A critical review of heat and mass transfer in vegetative roof models used in building energy and urban enviroment simulation tools

Title
A critical review of heat and mass transfer in vegetative roof models used in building energy and urban enviroment simulation tools
Author Vera, S.1, Pinto, C., Tabares-Velasco, P.C.2, Bustamante, W.
Line(s) Built Environment
Year of Publication 2018
Journal Title Applied Energy
Keywords Green roofHeat transferBuilding energy simulationEvapotranspirationVegetated roof
Abstract Vegetated or green roofs are sustainable roofing systems that have become increasingly widespread across the world in recent decades. However, their design requires accurate numerical modeling to fully realize the benefits of this technology at the building and larger scales. For this reason, several heat and mass transfer models for vegetated roofs have been developed over the last 36 years. This paper provides a critical review of more than 23 heat transfer vegetative roof models developed between 1982 and 2018 that have been used for building energy or urban modeling purposes. Findings of the study include the following: (i) more than 55% of the vegetated roof models have been developed and validated using data from warm temperate climate zones; (ii) green roof validation efforts vary and do not follow a common verification and validation framework; (iii) four of the reviewed models have not been subjected to any simulation process; (iv) no model has been validated for semi-arid conditions or cold climates or during cold winter conditions; (v) the most common variable reported for validation (in more than half of the models) is substrate surface temperature; however, surface temperature does not fully test the accuracy of a model to represent all heat and mass transfer phenomena; (vi) practitioners access to these models is limited since only five of the 23 models have been implemented in whole-building energy models, such as EnergyPlus, TRNSYS, ESP-r, and WUFI; finally, (vii) despite the extensive studies on the impacts of vegetative roofs on building energy performance and urban temperature reduction, no studies have validated the model using whole-building energy data or at larger scales.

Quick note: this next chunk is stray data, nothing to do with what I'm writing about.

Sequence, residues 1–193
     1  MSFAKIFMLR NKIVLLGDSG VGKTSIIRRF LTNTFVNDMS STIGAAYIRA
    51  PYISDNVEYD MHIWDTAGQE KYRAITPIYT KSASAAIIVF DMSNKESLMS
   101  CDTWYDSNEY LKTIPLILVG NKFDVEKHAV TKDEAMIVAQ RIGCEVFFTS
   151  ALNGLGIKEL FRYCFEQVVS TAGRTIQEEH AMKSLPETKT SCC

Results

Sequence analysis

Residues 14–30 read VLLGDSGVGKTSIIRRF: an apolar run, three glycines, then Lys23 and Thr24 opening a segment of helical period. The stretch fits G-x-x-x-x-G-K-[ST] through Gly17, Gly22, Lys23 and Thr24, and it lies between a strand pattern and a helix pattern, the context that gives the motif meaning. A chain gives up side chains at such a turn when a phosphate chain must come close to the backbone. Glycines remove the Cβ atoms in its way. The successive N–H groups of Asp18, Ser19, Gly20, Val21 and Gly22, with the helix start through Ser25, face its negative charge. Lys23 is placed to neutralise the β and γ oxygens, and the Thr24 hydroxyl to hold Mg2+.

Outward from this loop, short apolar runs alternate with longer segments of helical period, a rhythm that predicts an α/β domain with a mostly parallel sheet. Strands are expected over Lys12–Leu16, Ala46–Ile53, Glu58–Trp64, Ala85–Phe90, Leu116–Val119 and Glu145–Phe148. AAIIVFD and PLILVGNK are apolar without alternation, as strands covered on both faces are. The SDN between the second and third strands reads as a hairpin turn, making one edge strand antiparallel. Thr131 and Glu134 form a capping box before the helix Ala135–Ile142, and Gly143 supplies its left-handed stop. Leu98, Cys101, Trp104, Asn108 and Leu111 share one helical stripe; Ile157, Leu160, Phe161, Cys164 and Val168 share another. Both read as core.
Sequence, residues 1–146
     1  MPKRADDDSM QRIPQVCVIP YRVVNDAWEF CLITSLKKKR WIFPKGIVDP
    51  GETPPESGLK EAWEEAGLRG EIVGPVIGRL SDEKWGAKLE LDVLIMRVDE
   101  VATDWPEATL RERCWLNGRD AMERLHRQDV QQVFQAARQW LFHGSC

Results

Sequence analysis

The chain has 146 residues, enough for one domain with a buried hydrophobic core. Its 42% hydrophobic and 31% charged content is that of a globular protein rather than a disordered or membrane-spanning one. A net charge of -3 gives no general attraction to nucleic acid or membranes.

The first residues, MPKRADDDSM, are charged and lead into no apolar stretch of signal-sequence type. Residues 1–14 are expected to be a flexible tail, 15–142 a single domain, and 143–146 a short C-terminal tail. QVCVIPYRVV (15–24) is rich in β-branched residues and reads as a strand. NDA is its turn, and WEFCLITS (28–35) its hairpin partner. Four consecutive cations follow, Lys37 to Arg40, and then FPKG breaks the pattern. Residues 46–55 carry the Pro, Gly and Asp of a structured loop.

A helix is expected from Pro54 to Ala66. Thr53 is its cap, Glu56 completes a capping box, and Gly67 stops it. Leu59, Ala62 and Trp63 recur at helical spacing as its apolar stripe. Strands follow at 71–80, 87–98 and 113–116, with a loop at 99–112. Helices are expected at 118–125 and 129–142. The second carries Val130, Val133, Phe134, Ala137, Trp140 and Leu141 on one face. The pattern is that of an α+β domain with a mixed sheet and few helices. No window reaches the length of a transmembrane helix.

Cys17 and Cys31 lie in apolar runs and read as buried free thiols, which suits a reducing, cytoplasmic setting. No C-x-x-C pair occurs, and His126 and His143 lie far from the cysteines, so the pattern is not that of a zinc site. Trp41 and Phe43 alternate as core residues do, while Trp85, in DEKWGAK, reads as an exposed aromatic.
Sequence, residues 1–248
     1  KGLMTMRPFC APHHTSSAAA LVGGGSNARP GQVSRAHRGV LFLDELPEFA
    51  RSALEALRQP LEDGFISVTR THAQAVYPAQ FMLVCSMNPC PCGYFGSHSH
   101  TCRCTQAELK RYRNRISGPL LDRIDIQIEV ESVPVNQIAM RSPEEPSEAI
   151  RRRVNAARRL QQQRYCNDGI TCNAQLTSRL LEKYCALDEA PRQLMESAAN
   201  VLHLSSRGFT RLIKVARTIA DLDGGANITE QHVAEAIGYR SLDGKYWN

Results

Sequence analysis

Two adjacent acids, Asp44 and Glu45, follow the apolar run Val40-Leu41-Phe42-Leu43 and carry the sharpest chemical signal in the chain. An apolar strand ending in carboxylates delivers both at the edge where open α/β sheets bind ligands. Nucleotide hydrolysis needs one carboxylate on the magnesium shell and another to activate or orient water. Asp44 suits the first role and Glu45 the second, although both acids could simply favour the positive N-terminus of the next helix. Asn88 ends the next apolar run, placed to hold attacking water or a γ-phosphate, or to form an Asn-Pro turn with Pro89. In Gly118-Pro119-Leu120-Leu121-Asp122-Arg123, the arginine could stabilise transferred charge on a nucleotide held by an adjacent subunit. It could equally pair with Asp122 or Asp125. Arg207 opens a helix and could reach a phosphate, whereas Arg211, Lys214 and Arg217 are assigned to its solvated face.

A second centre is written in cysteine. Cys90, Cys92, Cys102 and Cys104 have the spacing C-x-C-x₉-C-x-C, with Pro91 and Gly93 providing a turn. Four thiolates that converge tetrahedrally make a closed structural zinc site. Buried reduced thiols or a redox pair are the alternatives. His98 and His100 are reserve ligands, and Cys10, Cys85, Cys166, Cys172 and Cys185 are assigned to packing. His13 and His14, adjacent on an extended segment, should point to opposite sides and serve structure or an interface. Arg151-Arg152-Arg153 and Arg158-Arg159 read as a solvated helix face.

Doi https://doi.org/10.1016/j.apenergy.2018.09.079
Corresponding Author Paulo Tabares-Velasco, tabares@mines.edu